In Golgi preparations made by the method of Aoyama, the Golgi apparatus has a characteristic disposition, resembling that of the basiphil reticulum. The canalicular spaces are generally not seen in Aoyama preparations, presumably because they have been covered by a deposit of silver. If, however, these sections are bleached and studied after staining in basic dyes (Malhotra, 1959), the existence of these spaces is easily established. These spaces, covered with silver, account for some of the massive thickenings in Golgi preparations.

In Mann-Kopsch preparations (4 days’ osmication at 34° C) the Golgi pictures are mostly filamentous; the canalicular spaces are easily seen, associated with osmiophil threads. Large blackened lumps resembling Nissl bodies also occur in a few cells.

Both in silver and in osmium preparations the Golgi apparatus is sometimes seen to extend into the axon in the form of extremely fine filaments. There are often what appear to be lipid globules lying in rows on these filaments. More often than not the axon hillock appears to be empty in Golgi preparations. This led many cytologists of the past to believe that the Golgi apparatus does not extend into the axon (see Malhotra, 1959, for references); but Gatenby and his colleagues (1949, 1953) have also recently recorded the continuation of the Golgi apparatus into the axon of the neurones of vertebrates.

Suitable preparations made by the silver impregnation method of Golgi (1898; see p. 70) reveal that the Golgi picture resembles those produced by Aoyama’s method, and also resembles Golgi’s own figure (1898) depicting his ‘apparatus’ in the Purkinje cells of ‘Strix flammea’ (fig. 1, A). Sometimes, however, the impression is given that the dark objects are only a random deposit of silver, lying superficially in the cell. The nucleus and the cytoplasm of the periphery of the cell are almost always free from this impregnation. It seems unlikely, therefore, that the black material in these preparations is actually a random deposit of silver. It seems more likely that the initial deposit of silver is on the basiphil reticulum.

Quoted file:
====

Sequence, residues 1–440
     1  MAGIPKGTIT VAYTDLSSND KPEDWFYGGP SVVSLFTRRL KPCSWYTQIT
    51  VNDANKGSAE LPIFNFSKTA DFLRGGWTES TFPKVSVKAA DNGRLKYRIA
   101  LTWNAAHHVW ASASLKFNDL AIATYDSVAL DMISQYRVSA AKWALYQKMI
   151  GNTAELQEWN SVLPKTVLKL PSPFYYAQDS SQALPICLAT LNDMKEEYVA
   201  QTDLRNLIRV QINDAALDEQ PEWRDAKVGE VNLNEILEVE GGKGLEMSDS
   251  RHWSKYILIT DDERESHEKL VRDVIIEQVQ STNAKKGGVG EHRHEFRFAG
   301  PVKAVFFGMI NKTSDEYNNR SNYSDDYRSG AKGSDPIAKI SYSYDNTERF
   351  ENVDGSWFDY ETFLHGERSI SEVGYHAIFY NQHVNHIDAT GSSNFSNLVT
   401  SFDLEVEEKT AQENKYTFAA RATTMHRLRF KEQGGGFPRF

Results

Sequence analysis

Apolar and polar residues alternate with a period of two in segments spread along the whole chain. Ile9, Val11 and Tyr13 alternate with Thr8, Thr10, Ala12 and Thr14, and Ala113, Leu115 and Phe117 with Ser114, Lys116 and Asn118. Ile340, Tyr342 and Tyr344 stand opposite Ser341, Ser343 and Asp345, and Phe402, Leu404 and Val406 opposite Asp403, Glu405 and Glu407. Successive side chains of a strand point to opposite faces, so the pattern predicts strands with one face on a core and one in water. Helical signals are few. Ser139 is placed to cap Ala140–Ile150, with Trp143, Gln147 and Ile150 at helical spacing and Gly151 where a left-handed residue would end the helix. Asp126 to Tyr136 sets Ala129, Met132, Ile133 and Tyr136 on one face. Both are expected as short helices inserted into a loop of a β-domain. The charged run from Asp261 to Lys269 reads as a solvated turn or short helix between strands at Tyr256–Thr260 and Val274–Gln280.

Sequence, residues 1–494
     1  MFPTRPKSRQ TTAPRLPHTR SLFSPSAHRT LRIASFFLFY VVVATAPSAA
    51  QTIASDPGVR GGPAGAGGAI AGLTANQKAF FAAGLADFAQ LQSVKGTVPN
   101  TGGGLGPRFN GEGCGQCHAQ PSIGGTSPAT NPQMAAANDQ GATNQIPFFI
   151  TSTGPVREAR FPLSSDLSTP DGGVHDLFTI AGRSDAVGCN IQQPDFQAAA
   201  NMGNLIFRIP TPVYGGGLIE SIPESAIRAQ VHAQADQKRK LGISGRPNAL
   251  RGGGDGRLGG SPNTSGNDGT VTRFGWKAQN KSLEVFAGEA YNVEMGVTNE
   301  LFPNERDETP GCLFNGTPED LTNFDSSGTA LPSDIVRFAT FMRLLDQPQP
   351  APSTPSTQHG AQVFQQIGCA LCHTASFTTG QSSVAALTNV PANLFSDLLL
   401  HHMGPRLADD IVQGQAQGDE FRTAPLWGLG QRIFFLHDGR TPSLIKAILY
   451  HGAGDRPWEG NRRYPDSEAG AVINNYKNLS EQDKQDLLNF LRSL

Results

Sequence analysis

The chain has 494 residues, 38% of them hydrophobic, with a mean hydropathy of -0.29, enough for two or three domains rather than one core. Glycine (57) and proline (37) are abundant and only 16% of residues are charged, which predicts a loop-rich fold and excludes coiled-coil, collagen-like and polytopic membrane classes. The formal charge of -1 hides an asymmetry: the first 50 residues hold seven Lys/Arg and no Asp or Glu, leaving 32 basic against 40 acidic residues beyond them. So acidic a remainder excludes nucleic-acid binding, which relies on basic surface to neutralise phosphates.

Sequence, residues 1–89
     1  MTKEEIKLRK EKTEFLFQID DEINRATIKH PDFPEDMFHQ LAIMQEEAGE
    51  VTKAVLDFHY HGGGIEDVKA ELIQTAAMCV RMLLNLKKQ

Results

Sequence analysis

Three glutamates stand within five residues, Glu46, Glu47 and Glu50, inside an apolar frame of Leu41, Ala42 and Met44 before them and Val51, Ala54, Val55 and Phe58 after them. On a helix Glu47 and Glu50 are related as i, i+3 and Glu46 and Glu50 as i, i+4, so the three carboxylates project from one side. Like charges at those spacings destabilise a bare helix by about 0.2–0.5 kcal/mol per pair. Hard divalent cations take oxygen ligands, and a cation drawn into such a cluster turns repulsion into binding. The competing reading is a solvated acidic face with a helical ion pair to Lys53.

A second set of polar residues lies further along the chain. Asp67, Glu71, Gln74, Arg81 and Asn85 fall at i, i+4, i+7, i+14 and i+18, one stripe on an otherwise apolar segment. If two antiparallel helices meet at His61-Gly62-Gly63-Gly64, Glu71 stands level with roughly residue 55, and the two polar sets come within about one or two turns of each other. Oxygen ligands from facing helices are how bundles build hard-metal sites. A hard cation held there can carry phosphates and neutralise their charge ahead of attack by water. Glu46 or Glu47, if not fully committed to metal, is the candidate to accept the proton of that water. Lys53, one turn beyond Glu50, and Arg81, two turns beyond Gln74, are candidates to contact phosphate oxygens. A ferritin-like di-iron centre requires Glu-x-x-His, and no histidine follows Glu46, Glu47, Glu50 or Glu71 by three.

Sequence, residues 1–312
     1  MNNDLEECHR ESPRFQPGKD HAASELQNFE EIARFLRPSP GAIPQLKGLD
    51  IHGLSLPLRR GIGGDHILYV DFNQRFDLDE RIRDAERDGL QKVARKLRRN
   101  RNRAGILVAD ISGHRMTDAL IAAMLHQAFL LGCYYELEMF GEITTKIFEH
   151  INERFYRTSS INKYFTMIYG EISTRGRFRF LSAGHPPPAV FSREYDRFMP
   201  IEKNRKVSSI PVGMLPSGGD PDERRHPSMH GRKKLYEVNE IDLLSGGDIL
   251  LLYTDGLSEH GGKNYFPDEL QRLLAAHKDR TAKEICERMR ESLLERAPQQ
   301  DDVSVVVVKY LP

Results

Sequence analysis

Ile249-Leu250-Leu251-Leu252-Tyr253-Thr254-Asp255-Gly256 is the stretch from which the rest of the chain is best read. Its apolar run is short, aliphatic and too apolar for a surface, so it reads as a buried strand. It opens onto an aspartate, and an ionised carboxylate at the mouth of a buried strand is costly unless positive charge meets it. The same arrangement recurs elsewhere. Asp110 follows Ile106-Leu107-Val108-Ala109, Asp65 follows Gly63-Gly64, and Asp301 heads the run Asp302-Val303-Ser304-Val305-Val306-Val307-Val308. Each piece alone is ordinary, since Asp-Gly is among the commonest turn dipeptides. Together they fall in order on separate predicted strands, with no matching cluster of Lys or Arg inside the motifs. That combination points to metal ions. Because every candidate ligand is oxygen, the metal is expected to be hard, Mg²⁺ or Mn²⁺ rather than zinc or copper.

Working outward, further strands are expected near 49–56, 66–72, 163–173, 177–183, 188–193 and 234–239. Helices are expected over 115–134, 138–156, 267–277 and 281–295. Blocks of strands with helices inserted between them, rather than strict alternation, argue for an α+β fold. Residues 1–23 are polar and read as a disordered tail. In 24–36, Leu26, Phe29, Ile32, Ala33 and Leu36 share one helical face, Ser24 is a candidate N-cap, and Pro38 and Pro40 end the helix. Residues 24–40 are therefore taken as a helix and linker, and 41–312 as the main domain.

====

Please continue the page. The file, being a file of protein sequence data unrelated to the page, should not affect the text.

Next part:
In Sudan black preparations, small lipid globules are seen scattered in the cytoplasm. They correspond in size and distribution to the refringent globules seen in living neurones by phase-contrast or interference microscopy. Similar globules react positively to the acid haematein test, which also darkens a reticular structure in some of the Purkinje cells. This structure appears to be the basiphil reticulum. It is remarkable that no reticulum has been seen in acid haematein preparations of the neurones of other vertebrates (Casselman and Baker, 1955; Malhotra, 1959). The reticulum of the Purkinje cell of the owl has an unusually great affinity for silver and osmium, and this fact may perhaps be correlated with a large phospholipid component, or with a phospholipid component that is easily ‘unmasked’. This may have been the reason why Golgi discovered his ‘apparatus’ in this particular cell of owls. The reliability of acid haematein test for phospholipid was not checked by pyridine extraction test (Baker, 1946), on account of lack of material.

No satisfactory mitochondrial preparations could be made either by Metzner’s or by Hirschler’s method of staining, because in these sections a reticular structure (which is almost certainly the basiphil reticulum) is stained and the mitochondria cannot be properly differentiated. This again suggests the presence of phospholipid in association with the reticulum.

I am greatly indebted to Dr. J. R. Baker, F.R.S., for supervising this work and for very helpful criticism, and to Professor Sir A. C. Hardy, F.R.S., in whose department the work was carried out. I thank Dr. Leonard Harrison Matthews, F.R.S., of the Zoological Society of London, for making this investigation possible by putting me in touch with a dealer who possessed tawny owls.

This work was done during tenure of a Post-Doctoral Fellowship of the Panjab University (India), and a travel grant in the ‘Commonwealth University Interchange Scheme’ from the British Council.

Aoyama
,
F.
,
1929
.
Zeit. wiss. Mikr
.,
46
,
489
.
Baker
,
J. R.
,
1944
.
Quart. J. micr. Sci
.,
85
,
1
.
Baker
,
J. R.
1946
.
Ibid
.,
87
,
441
.
Baker
,
J. R.
1949
.
Ibid
.,
90
,
293
.
Baker
,
J. R.
1957
.
Ibid
.,
98
,
425
.
Casselman
,
W. G. B.
, and
Baker
,
J. R.
,
1955
.
Ibid
.,
96
,
49
.
Fernstrom
,
R. C.
,
1958
.
Stain Tech
.,
33
,
175
.
Gatenby
,
J. B.
,
Moussa
,
T. A.
, and
Dosekun
,
F.
,
1949
.
Cellule
,
53
,
13
.
El Banhawy
,
M.
, and
Gornall
,
J. I. K.
,
1953
.
Ibid
.,
55
,
137
.
Golgi
,
C.
,
1886
.
Arch. ital. Biol
.,
7
,
15
.
Golgi
,
C.
1898
.
Ibid
.,
30
,
60
.
Helly
,
K.
,
1903
.
Zeit. wiss. Mikr
.,
20
,
413
.
Jordan
,
B. M.
, and
Baker
,
J. R.
,
1955
.
Quart. J. micr. Sci
.,
96
,
177
.
Malhotra
,
S. K.
,
1959
.
Ibid
.,
100
,
339
.
Nissl
,
F.
,
1894a
.
Neur. Centralbl
.,
13
,
676
.
Nissl
,
F.
1894b
.
Ibid
.,
13
,
810
.
Palade
,
G. E.
,
1952
.
J. exp. Med
.,
95
,
285
.
Weigl
,
R.
,
1910
.
Bull, internat. Acad. Sci. Cracovie, Ser. B, 691
.